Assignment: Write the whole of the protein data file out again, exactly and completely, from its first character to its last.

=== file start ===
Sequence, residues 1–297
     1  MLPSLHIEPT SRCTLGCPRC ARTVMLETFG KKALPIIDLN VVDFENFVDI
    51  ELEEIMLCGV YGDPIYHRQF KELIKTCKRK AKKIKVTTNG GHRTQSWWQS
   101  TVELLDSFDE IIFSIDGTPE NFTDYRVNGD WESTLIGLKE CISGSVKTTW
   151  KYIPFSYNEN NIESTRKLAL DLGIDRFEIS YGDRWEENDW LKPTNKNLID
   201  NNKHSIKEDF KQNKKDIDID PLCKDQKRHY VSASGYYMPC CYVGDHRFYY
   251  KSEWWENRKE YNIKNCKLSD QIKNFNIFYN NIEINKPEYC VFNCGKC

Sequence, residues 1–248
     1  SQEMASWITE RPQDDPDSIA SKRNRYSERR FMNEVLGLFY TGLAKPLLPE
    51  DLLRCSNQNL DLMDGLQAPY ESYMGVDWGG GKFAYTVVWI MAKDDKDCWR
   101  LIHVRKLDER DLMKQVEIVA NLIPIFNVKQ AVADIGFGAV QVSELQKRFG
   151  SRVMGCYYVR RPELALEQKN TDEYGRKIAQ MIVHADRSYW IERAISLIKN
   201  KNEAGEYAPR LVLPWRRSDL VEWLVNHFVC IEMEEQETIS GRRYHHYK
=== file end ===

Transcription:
Sequence, residues 1–297
     1  MLPSLHIEPT SRCTLGCPRC ARTVMLETFG KKALPIIDLN VVDFENFVDI
    51  ELEEIMLCGV YGDPIYHRQF KELIKTCKRK AKKIKVTTNG GHRTQSWWQS
   101  TVELLDSFDE IIFSIDGTPE NFTDYRVNGD WESTLIGLKE CISGSVKTTW
   151  KYIPFSYNEN NIESTRKLAL DLGIDRFEIS YGDRWEENDW LKPTNKNLID
   201  NNKHSIKEDF KQNKKDIDID PLCKDQKRHY VSASGYYMPC CYVGDHRFYY
   251  KSEWWENRKE YNIKNCKLSD QIKNFNIFYN NIEINKPEYC VFNCGKC

Sequence, residues 1–248
     1  SQEMASWITE RPQDDPDSIA SKRNRYSERR FMNEVLGLFY TGLAKPLLPE
    51  DLLRCSNQNL DLMDGLQAPY ESYMGVDWGG GKFAYTVVWI MAKDDKDCWR
   101  LIHVRKLDER DLMKQVEIVA NLIPIFNVKQ AVADIGFGAV QVSELQKRFG
   151  SRVMGCYYVR RPELALEQKN TDEYGRKIAQ MIVHADRSYW IERAISLIKN
   201  KNEAGEYAPR LVLPWRRSDL VEWLVNHFVC IEMEEQETIS GRRYHHYK